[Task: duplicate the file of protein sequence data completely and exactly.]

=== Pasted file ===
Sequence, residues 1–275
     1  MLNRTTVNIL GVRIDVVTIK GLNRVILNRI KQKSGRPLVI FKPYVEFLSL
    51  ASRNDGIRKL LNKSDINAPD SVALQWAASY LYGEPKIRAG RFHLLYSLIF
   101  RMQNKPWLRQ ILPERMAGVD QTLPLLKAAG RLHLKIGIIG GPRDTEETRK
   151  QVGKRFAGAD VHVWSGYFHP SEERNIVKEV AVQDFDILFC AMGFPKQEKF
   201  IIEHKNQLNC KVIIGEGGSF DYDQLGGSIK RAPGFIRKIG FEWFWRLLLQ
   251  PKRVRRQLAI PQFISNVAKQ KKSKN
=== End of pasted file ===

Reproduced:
Sequence, residues 1–275
     1  MLNRTTVNIL GVRIDVVTIK GLNRVILNRI KQKSGRPLVI FKPYVEFLSL
    51  ASRNDGIRKL LNKSDINAPD SVALQWAASY LYGEPKIRAG RFHLLYSLIF
   101  RMQNKPWLRQ ILPERMAGVD QTLPLLKAAG RLHLKIGIIG GPRDTEETRK
   151  QVGKRFAGAD VHVWSGYFHP SEERNIVKEV AVQDFDILFC AMGFPKQEKF
   201  IIEHKNQLNC KVIIGEGGSF DYDQLGGSIK RAPGFIRKIG FEWFWRLLLQ
   251  PKRVRRQLAI PQFISNVAKQ KKSKN